UNICEF is committed to doing all it can to achieve the Sustainable Development Goals (SDGs), in partnership with governments, civil society, business, academia and the United Nations family – and especially children and young people.
WASHINGTON, D.C., 10 April 2014 – Government ministers from 50 countries are expected this week to pledge concrete commitments to bring safe water, sanitation and hygiene to those who need it most.
United Nations Secretary-General Ban Ki-moon will open the third biennial Sanitation and Water For All (SWA) High-Level Meeting here on Friday, along with World Bank Group President Dr. Jim Yong Kim and SWA Chair John Kufuor, ahead of the 2014 Spring Meetings of the International Monetary Fund and World Bank Group.
UN Deputy Secretary-General Jan Eliasson, UNICEF Executive Director Anthony Lake, World Bank Chief Economist of the Middle East and Africa Region Dr. Shanta Devarajan, and ministers from Ethiopia and Kenya will also speak about the crucial role safe water, toilets and hygiene play in development. [Watch live webcast at 2 p.m. EST at http://live.worldbank.org/sanitation-water-for-all-high-level-meeting]
The theme of the 2014 High Level Meeting is: “Smart investments to achieve water, sanitation and hygiene for all.” Chief executives have issued a clarion call for the DC gathering to make the most of the High Level Meeting.
“On behalf of the Secretary-General, I have called for increased action on sanitation – in particular, to end the practice of open defecation by 2025,” said UN Deputy Secretary-General Jan Eliasson. “This High Level Meeting is about solutions and how to ensure better sanitation, water and hygiene for all people.”
“Lack of adequate sanitation and water is most devastating for children, especially the poorest and most marginalized,” said Anthony Lake, Executive Director of UNICEF, which is convening the meeting. “We are asking everyone coming to this meeting to think of these children as they plan their commitments. When the lives and futures of children hang in the balance, how can we hesitate to act?”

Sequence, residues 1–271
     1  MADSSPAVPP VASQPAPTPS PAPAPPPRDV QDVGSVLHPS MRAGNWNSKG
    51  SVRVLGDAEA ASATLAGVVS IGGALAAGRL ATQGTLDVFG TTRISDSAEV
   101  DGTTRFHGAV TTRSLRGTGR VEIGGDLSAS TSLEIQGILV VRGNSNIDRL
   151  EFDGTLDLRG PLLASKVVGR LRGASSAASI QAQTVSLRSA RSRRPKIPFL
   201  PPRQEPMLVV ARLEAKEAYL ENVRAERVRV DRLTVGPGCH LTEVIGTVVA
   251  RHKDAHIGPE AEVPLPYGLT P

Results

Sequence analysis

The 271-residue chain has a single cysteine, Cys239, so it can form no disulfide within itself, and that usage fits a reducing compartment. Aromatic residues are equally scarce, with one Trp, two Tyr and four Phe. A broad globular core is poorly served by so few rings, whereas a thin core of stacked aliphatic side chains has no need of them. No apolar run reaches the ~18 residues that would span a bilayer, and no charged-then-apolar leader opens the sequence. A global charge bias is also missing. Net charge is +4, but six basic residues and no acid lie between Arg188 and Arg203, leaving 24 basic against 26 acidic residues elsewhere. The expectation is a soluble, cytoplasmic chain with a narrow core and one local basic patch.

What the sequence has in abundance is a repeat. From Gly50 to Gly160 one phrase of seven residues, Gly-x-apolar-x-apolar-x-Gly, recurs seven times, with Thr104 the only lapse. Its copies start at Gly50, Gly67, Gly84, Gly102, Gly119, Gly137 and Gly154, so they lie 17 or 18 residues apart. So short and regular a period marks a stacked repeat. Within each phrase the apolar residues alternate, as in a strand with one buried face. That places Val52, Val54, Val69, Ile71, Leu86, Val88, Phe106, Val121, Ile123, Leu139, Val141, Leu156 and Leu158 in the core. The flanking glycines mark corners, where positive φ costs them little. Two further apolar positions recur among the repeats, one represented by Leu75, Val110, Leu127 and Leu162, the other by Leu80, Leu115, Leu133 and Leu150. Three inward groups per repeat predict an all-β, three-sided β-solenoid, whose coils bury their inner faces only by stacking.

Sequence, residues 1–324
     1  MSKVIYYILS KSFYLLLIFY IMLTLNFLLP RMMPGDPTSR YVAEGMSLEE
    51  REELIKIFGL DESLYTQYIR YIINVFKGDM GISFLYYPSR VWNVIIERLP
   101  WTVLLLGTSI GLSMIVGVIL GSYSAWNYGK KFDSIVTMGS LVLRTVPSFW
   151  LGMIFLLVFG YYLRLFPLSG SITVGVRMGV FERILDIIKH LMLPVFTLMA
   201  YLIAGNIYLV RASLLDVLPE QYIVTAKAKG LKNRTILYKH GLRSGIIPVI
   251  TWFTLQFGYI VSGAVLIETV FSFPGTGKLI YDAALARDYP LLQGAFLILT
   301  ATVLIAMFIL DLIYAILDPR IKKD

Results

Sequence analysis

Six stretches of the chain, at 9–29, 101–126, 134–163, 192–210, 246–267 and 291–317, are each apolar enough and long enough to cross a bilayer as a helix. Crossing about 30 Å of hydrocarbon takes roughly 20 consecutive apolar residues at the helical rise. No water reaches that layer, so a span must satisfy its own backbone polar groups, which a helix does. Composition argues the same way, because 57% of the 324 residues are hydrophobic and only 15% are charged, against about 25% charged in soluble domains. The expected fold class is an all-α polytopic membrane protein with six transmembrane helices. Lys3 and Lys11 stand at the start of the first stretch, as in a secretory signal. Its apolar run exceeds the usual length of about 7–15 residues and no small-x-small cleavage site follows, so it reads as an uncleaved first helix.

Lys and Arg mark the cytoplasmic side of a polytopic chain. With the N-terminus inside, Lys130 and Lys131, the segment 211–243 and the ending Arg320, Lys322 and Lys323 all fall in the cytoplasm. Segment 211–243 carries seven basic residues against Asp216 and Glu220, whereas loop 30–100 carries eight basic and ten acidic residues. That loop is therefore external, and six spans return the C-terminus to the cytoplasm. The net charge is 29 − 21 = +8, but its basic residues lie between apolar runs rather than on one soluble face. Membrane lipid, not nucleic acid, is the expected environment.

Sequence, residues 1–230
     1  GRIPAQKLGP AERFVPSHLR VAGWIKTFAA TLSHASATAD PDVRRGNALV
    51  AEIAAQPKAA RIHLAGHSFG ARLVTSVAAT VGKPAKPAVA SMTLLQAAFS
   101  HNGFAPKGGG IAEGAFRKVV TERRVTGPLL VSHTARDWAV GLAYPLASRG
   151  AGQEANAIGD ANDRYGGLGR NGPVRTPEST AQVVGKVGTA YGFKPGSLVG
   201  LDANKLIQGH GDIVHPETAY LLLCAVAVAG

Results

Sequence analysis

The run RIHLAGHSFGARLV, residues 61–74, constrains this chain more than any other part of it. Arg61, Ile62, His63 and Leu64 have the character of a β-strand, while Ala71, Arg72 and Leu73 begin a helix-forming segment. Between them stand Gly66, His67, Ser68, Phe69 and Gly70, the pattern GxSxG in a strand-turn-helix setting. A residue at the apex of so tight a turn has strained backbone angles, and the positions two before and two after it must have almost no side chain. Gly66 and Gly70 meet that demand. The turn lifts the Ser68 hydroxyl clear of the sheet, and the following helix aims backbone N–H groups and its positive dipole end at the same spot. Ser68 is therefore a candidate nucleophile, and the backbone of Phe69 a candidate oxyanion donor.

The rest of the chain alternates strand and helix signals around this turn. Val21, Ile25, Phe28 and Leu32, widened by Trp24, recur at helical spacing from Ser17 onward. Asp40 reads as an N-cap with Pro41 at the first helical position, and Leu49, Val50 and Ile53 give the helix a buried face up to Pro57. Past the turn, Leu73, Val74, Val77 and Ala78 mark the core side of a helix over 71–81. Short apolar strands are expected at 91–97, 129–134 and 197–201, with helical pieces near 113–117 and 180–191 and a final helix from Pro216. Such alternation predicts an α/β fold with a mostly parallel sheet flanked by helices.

“Lack of access to sanitation can contribute to keeping people in poverty and preventing equitable prosperity in society," said Jae So, Director, Trust Funds and Partnerships, World Bank. "And this is particularly troubling to us at the World Bank Group. Our goals are to end poverty by 2030 and boost shared prosperity for the poorest 40% in developing countries. As SWA partners report on progress made and increased country commitments leading up to 2016, we have a chance to leap forward toward this goal by signaling to the world that solving sanitation is an essential step to ending poverty, and one that can see vast and rapid progress among poor people in a relatively short amount of time and for little cost."
“This crisis in water and sanitation simply cannot wait. This meeting represents our best chance to reach the world’s poorest people with these basics of life. We cannot let this moment pass by – we need smart, sustainable, ambitious commitments to reach those who need help most,” said Barbara Frost, Chief Executive of WaterAid.